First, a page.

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December 15, 2017

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Safety, At What Price?

Next month, a new law called the Consumer Product Safety Improvement Act (CPSIA) takes effect. It mandates that all products that are sold to children under the age of 12 must be tested for lead levels. As a parent, of course I want the safest possible products for my children. As a small business owner, I am stunned by the ramifications this new law will have.


Next month, a new law called the Consumer Product Safety Improvement Act (CPSIA) takes effect. It mandates that all products that are sold to children under the age of 12 must be tested for lead levels. As a parent, of course I want the safest possible products for my children. As a small business owner, I am stunned by the ramifications this new law will have.
At first I thought: what a great new law. Now I am wringing my hands and biting my nails like thousands of other small business owners and wondering if February 10, 2009 will be the “National Bankruptcy Day” as it is being called in blogs, newspapers, and forums around the country.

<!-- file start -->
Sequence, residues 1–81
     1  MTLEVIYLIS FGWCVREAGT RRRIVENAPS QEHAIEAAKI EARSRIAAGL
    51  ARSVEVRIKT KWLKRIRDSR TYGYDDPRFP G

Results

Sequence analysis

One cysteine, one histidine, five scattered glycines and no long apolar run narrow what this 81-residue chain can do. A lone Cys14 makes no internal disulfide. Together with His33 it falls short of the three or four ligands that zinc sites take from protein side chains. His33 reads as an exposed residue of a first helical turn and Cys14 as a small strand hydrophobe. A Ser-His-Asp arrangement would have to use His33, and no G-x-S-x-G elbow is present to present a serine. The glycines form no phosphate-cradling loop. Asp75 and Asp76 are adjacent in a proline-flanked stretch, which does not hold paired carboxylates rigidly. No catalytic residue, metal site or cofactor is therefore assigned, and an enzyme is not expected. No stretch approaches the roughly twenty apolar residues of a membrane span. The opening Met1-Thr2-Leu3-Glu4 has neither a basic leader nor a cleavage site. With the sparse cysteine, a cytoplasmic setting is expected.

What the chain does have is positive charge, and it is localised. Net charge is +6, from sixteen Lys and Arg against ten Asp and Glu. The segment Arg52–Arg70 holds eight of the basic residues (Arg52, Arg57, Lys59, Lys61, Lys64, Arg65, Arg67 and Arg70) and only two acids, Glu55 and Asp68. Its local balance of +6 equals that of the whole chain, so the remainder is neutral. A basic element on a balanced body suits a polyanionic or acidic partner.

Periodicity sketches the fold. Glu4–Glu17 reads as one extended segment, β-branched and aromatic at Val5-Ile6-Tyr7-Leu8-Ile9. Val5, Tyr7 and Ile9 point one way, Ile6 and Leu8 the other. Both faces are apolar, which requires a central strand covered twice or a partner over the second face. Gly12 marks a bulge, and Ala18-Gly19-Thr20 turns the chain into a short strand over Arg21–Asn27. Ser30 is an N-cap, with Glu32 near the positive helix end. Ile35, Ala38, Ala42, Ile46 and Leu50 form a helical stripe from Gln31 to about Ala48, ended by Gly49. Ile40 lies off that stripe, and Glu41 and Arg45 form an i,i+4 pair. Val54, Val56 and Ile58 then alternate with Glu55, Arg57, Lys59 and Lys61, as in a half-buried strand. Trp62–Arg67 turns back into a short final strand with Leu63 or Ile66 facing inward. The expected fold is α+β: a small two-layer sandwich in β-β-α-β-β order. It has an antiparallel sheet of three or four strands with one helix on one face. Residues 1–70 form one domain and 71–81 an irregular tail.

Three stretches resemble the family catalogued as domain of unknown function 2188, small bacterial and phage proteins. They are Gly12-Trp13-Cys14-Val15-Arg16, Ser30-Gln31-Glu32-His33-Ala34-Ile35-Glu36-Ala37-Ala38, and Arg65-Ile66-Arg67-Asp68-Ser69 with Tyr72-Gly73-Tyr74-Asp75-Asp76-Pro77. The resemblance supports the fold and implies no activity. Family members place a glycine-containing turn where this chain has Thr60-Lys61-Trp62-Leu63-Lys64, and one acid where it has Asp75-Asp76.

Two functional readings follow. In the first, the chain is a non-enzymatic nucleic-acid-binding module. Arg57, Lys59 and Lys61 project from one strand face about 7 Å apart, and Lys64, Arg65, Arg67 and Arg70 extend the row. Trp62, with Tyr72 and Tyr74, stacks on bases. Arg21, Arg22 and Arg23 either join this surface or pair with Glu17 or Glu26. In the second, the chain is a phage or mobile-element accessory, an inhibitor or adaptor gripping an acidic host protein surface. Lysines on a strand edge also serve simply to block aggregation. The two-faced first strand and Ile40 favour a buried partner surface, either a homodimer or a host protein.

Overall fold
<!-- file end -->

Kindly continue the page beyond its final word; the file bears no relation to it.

My company produces and sells educational DVDs to children. Although I do not think young children will be putting the DVDs in their mouths, my product falls under the umbrella of products that must be tested. In fact, the wording of the new law is so broad and so general that every single product out there that will be marketed to children under the age of 12 must have the conformity certificate stating it does not contain certain lead levels. Basically the only things excluded are firearms, and alcohol.
For large companies this is a drop in the bucket. For small businesses, the cost it will take to get the testing done is devastating. It has and will cause many small businesses to fold. In today’s grim economic society, the small business owner is faced with yet another gigantic mountain to climb, and many will not make it over.
There need to be acceptable options for us small business owners and we’re asking lawmakers to look closely at the wording and to consider making regulations that are more acceptable and easier to attain. As it stands now, companies that sell baby blankets or wraps have to have every single material of every single product tested. Or like me, we will have to get our Spanish for Children DVD tested, including the ink, the amray case, the plastic wrap, the DVD itself, and the paper from the insert.
This will cost thousands of dollars which for many small businesses means that the cost of testing will outweigh any potential profit. I am doing as much research as I can but I refuse to let myself get completely freaked out. I have worked too hard to see my business go under because of this new regulation.

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